The new year is coming, which means many people are thinking about everything they hope to accomplish during the next 12 months. If buying a home is a goal for you, there are a few things that can help improve your purchasing power in 2019. These are simple changes and additions to your existing routines (beyond the traditional saving money from every paycheck, etc.) that you may not have considered but could have a positive impact on your buying experience.
Depending on your income, you may need longer than a year to save for a down payment. If you’re lucky enough to qualify for a no-down-payment loan, you’ll still need extra cash to pay for some closing costs and moving-related services. One of the easiest ways to start saving is by rounding up your current purchases to the nearest dollar and placing the difference into a savings account. There are some apps and bank services that already let you do this, but they often charge a fee; so, you may find it better to do it manually. It may not seem like a big amount at first, but it will soon add up to a significant fund.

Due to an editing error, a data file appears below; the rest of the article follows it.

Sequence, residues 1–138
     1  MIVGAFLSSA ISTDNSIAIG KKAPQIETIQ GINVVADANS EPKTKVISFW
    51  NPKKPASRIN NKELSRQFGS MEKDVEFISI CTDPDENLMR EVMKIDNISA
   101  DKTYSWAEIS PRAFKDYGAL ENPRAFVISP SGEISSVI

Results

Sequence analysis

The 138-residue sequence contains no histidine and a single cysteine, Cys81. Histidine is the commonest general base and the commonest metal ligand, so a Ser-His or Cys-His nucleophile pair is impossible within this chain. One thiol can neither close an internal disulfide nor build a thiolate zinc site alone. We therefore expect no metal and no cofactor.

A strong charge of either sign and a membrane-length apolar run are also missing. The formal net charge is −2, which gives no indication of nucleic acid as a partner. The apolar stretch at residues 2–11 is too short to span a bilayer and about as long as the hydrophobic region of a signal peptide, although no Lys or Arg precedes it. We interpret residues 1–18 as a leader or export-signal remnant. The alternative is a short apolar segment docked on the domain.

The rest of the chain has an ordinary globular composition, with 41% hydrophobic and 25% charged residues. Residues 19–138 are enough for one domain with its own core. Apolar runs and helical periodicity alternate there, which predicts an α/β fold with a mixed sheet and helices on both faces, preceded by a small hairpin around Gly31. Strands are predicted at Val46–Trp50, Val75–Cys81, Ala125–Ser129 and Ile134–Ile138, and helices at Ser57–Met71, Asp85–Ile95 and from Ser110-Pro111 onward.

Collect Rebates & Cash Back Offers
Even when you’re saving money, you still have to shop. So, why not get money for doing it? Apps like Ibotta (good for groceries) and Ebates (great for everything else) let you get money back by shopping at popular businesses. Ebates even has a browser plug-in that will notify you when you are at one of these stores online, so you never forget to take advantage of an offer. It makes it incredibly easy to earn anything from 1% to 10% cash back. One year, I used all the money I made to buy most of my Christmas presents, so the $$ does add up. In full disclosure, it does take a little extra time scanning grocery receipts on Ibotta if your rewards card isn’t supported, but it’s worth it.
Build Some Credit